The plan of our article is as follows. In Sect. 2, we refer to [3, 5] and review some basic aspects of the H-type groups, sub-Laplacian, and the horizontal normal vectors. Analogous to the normal derivative, we define a similar operator in Sect. 3 to deal with the characteristic points and formulate the Neumann boundary value problem. In the subsequent sections, we prove a few results as a build-up to the main result in this article.

## H-type group and horizontal normal vectors

We first recall the definition of Heisenberg-type group (or H-type group) as a 2-step nilpotent Lie group whose Lie algebra admits certain properties.

Let g be a real Lie algebra equipped with an inner product such that it can be represented as an orthogonal direct sum

$${\mathbf{g}} = \mathfrak{v} \oplus\mathfrak{z},$$

where $$\mathfrak{z}$$ is the center of g, $$[\mathfrak{v},\mathfrak{v}] \subseteq\mathfrak{z} \text{ and } [ \mathfrak{v},\mathfrak{z}]= [\mathfrak{z}, \mathfrak{z}]= \{0\}$$. Define a linear mapping $$J: \mathfrak{z} \to \operatorname{End}(\mathfrak{v})$$ as

$$\bigl\langle J_{Z} X, X'\bigr\rangle = \bigl\langle Z, \bigl[X,X'\bigr] \bigr\rangle \quad \forall X, X' \in \mathfrak{v} \text{ and } Z \in\mathfrak{z}.$$

Then g is called an H-type Lie algebra if for all $$Z \in\mathfrak{z}$$,

$${J_{Z}}^{2} = - \vert Z \vert ^{2} I,$$

where I is the identity mapping. A connected and simply connected Lie group G with g as the associated Lie algebra is called an H-type group. The Heisenberg group $$\mathbb{H}_{n}$$ is a trivial example of an H-type group and a nontrivial example will be discussed in the next section.

We identify g with the corresponding simply connected Lie group G under the exponential map. From , the product in G is given by

$$(X,Z) \bigl(X',Z'\bigr) = \biggl(X+X', Z+Z'+\frac{1}{2}\bigl[X,X'\bigr] \biggr).$$
(2.1)

Denote by p and q the dimensions of $$\mathfrak{v}$$ and $$\mathfrak{z}$$, respectively, so that $$p+2q$$ is the homogeneous dimension of G. When X is regarded as a left-invariant vector field on G at the point $$(X',Z')$$, it can be represented as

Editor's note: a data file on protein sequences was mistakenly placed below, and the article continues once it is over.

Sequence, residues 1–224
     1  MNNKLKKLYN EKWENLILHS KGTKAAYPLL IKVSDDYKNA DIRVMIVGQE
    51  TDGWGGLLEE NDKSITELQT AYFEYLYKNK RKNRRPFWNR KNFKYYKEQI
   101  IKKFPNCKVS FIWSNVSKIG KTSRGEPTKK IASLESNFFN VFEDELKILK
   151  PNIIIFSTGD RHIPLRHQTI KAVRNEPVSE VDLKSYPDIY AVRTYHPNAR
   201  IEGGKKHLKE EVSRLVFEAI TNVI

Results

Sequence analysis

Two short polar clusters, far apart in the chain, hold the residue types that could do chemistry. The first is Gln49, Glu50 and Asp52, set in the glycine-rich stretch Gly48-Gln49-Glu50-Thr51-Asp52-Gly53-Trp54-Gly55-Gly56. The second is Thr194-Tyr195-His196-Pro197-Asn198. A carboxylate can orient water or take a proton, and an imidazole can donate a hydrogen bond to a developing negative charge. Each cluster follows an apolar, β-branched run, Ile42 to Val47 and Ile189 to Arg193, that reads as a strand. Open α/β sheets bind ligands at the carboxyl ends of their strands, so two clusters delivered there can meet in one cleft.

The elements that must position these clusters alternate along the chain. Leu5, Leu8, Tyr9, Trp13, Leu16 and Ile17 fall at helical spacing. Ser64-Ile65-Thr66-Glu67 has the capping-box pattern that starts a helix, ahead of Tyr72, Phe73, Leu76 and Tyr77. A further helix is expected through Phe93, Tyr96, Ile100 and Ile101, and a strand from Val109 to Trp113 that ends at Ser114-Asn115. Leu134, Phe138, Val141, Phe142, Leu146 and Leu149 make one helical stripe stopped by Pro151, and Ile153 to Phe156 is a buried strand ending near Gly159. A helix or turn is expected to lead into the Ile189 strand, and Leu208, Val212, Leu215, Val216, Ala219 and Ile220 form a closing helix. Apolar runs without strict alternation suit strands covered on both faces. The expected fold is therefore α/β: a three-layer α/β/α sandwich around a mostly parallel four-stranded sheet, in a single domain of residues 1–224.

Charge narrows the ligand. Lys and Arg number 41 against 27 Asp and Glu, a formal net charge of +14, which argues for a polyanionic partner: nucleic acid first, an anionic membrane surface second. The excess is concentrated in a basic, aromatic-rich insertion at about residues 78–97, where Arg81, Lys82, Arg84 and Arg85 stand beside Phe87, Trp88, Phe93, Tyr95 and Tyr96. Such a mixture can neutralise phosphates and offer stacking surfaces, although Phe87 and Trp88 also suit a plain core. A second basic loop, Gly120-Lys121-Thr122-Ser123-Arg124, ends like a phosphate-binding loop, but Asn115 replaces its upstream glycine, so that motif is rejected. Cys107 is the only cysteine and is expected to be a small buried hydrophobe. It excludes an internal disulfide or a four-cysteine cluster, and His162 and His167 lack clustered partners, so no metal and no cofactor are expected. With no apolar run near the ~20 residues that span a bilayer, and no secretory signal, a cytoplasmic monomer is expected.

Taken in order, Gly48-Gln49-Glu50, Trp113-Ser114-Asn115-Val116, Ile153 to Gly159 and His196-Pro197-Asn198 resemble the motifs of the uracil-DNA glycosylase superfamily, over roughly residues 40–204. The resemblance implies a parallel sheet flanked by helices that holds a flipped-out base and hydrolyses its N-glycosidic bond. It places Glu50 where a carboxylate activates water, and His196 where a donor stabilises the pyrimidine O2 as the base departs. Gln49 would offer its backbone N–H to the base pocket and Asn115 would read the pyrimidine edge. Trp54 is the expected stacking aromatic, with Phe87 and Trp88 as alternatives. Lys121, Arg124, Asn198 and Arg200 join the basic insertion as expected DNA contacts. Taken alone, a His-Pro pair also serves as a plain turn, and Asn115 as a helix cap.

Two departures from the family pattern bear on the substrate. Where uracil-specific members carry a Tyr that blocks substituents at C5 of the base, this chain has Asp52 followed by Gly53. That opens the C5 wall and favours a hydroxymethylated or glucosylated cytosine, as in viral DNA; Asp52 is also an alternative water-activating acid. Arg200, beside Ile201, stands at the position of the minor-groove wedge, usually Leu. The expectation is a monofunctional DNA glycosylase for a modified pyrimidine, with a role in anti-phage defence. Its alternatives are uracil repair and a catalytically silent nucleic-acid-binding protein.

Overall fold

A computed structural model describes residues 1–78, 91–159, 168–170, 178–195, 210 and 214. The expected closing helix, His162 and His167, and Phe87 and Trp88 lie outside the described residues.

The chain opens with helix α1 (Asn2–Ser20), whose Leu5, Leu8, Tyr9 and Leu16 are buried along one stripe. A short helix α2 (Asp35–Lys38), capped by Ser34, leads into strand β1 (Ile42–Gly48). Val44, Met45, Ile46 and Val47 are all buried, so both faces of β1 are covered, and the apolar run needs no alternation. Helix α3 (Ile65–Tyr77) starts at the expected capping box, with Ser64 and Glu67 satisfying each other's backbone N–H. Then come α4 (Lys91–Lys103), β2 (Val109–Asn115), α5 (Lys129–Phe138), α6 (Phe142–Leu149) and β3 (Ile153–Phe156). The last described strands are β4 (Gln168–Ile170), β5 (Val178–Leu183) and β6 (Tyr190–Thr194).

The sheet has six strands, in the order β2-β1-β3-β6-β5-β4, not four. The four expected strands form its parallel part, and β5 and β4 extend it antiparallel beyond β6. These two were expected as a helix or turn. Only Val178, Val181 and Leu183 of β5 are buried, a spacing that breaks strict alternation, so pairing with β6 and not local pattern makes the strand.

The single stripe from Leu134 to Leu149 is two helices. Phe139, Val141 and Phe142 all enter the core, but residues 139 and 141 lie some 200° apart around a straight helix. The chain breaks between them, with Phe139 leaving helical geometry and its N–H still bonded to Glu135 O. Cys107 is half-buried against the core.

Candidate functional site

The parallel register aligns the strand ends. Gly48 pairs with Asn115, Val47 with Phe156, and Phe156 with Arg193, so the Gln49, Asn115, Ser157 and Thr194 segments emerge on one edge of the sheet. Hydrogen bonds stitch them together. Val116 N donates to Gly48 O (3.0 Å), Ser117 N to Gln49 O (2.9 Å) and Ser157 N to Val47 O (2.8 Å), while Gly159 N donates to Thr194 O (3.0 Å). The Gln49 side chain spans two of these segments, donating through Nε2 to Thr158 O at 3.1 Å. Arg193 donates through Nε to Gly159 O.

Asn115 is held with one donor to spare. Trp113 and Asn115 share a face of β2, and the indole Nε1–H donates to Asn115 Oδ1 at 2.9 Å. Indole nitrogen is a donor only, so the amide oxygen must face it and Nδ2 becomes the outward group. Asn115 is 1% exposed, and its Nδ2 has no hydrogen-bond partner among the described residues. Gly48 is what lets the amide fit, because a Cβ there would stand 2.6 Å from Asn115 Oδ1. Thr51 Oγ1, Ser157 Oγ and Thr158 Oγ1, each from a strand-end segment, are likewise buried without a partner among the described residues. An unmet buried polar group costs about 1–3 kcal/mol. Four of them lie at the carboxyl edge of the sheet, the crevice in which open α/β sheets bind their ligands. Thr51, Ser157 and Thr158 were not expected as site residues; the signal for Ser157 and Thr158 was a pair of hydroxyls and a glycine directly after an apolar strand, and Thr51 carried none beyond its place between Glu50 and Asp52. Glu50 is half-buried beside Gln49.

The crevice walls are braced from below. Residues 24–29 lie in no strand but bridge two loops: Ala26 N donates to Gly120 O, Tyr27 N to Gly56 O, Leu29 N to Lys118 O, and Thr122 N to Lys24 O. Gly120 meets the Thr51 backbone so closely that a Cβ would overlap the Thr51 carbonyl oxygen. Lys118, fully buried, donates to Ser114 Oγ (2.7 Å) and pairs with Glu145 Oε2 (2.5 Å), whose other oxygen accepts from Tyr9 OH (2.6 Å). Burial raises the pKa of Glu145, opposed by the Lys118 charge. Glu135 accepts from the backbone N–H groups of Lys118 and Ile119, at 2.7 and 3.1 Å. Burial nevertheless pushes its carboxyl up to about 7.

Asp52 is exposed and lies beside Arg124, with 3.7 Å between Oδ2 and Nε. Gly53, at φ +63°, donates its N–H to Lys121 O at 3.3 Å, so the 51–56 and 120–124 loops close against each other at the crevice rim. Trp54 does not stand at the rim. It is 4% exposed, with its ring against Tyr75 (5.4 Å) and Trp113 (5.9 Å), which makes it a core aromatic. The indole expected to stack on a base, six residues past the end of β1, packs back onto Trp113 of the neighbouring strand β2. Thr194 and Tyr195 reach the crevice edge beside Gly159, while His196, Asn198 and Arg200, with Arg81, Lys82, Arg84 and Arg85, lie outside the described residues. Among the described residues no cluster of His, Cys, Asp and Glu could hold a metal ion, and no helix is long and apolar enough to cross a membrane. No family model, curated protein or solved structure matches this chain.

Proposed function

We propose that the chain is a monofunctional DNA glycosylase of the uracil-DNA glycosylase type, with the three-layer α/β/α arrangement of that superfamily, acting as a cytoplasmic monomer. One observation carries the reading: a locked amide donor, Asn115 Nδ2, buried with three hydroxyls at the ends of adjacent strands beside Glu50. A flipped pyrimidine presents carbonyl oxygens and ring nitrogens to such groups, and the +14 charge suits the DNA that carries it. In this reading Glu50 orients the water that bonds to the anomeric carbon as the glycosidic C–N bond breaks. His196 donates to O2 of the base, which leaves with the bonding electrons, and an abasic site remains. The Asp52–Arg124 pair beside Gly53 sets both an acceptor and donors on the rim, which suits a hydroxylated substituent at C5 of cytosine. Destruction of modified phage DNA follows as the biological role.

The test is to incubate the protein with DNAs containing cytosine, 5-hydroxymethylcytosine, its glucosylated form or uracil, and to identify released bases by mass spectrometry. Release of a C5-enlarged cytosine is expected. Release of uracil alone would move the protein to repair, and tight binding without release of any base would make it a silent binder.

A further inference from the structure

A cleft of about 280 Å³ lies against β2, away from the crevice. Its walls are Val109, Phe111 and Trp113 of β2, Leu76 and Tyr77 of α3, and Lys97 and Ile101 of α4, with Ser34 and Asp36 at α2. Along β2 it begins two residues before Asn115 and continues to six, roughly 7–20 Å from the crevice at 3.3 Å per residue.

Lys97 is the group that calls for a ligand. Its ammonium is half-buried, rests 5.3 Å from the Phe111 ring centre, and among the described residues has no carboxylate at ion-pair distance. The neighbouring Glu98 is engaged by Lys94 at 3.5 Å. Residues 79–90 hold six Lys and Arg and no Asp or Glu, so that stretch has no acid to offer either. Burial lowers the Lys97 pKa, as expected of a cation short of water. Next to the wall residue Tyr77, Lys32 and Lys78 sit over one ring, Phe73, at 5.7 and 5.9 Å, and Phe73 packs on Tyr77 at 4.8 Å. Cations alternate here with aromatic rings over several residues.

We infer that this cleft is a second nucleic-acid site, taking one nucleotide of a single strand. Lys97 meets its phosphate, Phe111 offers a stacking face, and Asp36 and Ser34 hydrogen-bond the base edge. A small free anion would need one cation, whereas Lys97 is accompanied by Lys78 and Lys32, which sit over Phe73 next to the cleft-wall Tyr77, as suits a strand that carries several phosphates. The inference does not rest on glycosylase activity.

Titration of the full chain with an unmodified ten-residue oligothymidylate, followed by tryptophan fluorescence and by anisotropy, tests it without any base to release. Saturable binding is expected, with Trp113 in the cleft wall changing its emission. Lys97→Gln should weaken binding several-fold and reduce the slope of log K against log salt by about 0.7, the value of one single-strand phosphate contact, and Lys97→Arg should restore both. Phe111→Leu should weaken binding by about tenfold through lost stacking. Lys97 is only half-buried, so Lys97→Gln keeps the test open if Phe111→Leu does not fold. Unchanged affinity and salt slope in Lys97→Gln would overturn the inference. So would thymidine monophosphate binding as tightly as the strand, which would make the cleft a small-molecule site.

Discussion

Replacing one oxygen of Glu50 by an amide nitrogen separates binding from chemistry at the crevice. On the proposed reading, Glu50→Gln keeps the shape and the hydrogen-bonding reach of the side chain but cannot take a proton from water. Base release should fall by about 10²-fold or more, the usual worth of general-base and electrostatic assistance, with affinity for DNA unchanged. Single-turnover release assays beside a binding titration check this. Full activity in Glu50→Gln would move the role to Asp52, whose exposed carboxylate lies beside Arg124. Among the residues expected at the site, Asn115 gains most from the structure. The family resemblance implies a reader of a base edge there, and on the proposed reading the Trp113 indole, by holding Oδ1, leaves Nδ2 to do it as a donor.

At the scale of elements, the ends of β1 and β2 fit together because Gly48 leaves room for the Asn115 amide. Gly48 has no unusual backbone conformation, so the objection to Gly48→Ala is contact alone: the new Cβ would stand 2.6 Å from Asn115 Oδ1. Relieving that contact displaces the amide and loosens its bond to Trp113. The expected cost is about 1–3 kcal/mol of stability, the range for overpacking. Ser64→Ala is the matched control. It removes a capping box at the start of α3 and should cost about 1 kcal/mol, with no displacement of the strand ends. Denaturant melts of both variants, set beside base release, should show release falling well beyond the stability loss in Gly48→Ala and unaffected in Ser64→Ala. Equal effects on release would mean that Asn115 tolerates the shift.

$$X = D_{X}+ \frac{1}{2} D_{[X,X']}.$$
(2.2)

We fix $$\{X_{1},X_{2}, \ldots, X_{p}\}$$ and $$\{Z_{1},Z_{2},\ldots,Z_{q}\}$$ as orthonormal bases for $$\mathfrak{v}$$ and $$\mathfrak{z}$$, respectively, so that $$\{X_{1},X_{2},\ldots X_{p}, Z_{1},Z_{2},\ldots,Z_{q}\}$$ is an orthonormal basis of g. Then $$X=\sum_{j=1}^{p} \langle X,X_{j}\rangle X_{j}$$ and $$Z= \sum_{j=1}^{q} \langle Z,Z_{j}\rangle Z_{j}$$ for every $$X \in\mathfrak{v} \text{ and } Z \in\mathfrak{z}$$.

The canonical sub-Laplacian on G is given by

$$\Delta_{\mathbf{G}}= \sum_{j=1}^{p} {X_{j}}^{2}.$$

Define $$\mathbf{p}(\alpha)={ ({\frac{{\vert X\vert}}{16}}^{4}+\vert Z\vert^{2} )}^{ \frac{1}{4}}$$ as the gauge of an element $$\alpha=(X,Z) \in{\mathbf {G}}$$.

### Theorem 2.1

(Kaplan )

There exists a positive constantcsuch that

$$g(\alpha):= c \biggl( {{\frac{\vert X \vert }{16}}^{4}+ \vert Z \vert ^{2}} \biggr)^{-(p+2q-2)/4}$$

is the fundamental solution of the sub-Laplacian, that is,

$$\Delta_{\mathbf{G}}g_{\beta}=-\delta_{\beta },$$

where$$g_{\beta}(\alpha)=g(\beta^{-1}\alpha)$$and$$\delta_{\beta }$$is the Dirac distribution with pole at$$\beta\in\bf G$$.

Just for the sake of calculations, we use a slightly modified kernel Φ where

$$\varPhi(\alpha,\beta)=2g_{\beta}(\alpha).$$
(2.3)

Unless stated otherwise, all the derivatives of Φ would be taken with respect to the first variable α.

An infinitesimal metric that is consistent with the automorphisms of an H-type group happens to be a sub-Riemannian metric obtained by Korányi in . We define

$$\bigl\langle Y,Y' \bigr\rangle _{0} = -4b^{2} B \bigl(Y,\theta Y'\bigr)$$

for all $$Y, Y' \in{\mathbf{g}}$$ where B denotes the killing form, θ is the Cartan involution, and $$4b^{2} = (p + 4q)^{-1}$$.

### Definition 2.2

A vector at any point $$\alpha\in{\mathbf{G}}$$ is called horizontal if it is of the form $$X_{\alpha}\ (X \in\mathfrak{v})$$. The length of a horizontal vector is given by $$\lVert X_{\alpha}\rVert_{0} = \vert X\vert$$ where $$\vert\cdot\vert$$ denotes the norm induced by $$\langle\cdot,\cdot\rangle$$ on $$\mathfrak{v}$$.

Vectors that are not horizontal are said to have infinite length. We call the unique horizontal vector $$\nabla_{0} f$$, the horizontal gradient of a function f on G which is defined as $$\langle\nabla_{0} f,w \rangle_{0} = w\cdot f$$ for all horizontal vectors w. We also have